In San Francisco, a popular vacation destination, signs of that "crowding out" abound. The streets are filled with potholes that the city can't afford to fix. Though the city earns much of its income from tourism, since 2010 it has imposed stiff fines for parking on the street during holidays, much to the concern of local businesses. For the second summer in a row, San Francisco has been unable to offer summer school to some 10,000 public school students because of a $1 million budget cut in the program. School budget cuts cause particular concern, since the city's poorly rated school system is often cited as a major cause (along with a stagnant economy and high unemployment) of the flight of middle-class residents with children. Last year, the city's parks budget was cut in half, while spending on services for seniors and those with AIDS was reduced by 30 percent. San Francisco taxpayers now spend one out of every six tax dollars on city employee benefits, Adachi says.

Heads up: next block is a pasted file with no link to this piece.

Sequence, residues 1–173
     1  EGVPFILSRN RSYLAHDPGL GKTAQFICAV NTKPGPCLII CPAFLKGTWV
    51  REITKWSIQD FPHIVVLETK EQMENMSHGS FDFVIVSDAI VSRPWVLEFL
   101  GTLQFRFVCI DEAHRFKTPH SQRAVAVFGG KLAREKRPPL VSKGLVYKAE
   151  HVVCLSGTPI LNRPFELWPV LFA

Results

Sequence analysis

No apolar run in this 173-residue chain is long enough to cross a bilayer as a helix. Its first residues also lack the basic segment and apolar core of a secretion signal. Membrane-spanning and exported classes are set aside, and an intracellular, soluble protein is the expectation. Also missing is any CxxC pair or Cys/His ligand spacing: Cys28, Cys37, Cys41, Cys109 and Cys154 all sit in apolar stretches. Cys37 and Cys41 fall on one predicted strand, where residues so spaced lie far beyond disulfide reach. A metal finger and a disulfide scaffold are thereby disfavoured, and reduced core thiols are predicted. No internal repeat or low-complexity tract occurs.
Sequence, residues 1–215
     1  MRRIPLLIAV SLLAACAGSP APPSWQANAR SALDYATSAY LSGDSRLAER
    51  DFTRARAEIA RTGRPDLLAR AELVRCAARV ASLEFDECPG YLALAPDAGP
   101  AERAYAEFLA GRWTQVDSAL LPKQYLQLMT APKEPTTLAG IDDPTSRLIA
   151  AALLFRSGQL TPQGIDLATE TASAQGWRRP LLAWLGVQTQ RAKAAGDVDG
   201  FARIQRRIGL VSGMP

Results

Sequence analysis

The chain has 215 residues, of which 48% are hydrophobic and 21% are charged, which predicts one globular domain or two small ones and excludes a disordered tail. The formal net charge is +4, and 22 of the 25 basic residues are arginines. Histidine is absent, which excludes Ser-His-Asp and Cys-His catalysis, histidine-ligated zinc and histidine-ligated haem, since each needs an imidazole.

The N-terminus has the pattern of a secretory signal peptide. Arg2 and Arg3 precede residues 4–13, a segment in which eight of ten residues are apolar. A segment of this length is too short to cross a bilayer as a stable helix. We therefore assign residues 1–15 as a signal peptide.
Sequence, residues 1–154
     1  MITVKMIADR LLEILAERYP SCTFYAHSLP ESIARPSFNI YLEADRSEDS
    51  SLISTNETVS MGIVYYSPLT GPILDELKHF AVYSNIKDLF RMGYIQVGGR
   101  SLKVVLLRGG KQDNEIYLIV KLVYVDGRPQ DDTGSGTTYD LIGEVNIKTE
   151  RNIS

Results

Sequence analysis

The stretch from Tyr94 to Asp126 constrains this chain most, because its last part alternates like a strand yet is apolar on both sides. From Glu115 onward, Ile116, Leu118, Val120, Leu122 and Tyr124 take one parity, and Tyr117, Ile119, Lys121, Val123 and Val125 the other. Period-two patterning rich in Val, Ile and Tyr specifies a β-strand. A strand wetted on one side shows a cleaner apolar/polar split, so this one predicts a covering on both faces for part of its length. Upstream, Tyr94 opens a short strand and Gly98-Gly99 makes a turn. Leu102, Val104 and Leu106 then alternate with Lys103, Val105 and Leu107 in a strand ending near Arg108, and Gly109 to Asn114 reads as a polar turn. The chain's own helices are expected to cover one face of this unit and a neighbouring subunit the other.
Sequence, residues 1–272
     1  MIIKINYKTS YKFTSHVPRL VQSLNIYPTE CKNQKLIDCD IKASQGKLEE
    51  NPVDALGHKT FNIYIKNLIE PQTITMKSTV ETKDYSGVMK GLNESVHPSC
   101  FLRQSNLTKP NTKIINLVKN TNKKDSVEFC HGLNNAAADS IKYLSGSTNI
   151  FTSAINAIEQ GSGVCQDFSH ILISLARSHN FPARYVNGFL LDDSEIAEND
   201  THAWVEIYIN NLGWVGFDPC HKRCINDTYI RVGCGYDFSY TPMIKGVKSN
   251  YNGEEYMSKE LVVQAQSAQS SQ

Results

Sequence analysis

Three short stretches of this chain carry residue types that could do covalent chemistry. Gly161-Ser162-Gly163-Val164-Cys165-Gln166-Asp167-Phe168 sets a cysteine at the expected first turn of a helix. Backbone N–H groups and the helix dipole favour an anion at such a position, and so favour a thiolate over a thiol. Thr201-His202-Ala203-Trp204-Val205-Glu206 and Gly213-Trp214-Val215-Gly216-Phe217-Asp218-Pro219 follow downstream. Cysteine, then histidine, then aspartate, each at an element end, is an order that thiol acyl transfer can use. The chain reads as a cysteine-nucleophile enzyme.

Though Adachi has been the city's public defender for nine years, his devotion to pension reform makes him feel like a "consummate outsider." "I'm the guy in the sci-fi movie who keeps yelling, 'They're coming, they're coming,'" he jokes. But Adachi's warnings about the city's precarious finances and the "unsustainable" costs of unfunded pension liabilities have helped change the nature of the debate, analysts say. In late October, Governor Jerry Brown unveiled a 12-point proposal to limit the size of future pension liabilities. And thanks to Adachi, two competing pension-reform proposals will appear on Tuesday's ballot: the one he drafted, Proposition D, which would save the city $1.7 billion in the next decade, he says; and Proposition C, a compromise measure supported by the current mayor, Ed Lee, the public-employee unions, and the rest of the city establishment. That might save as much as $1.4 billion over the same period, pension experts say.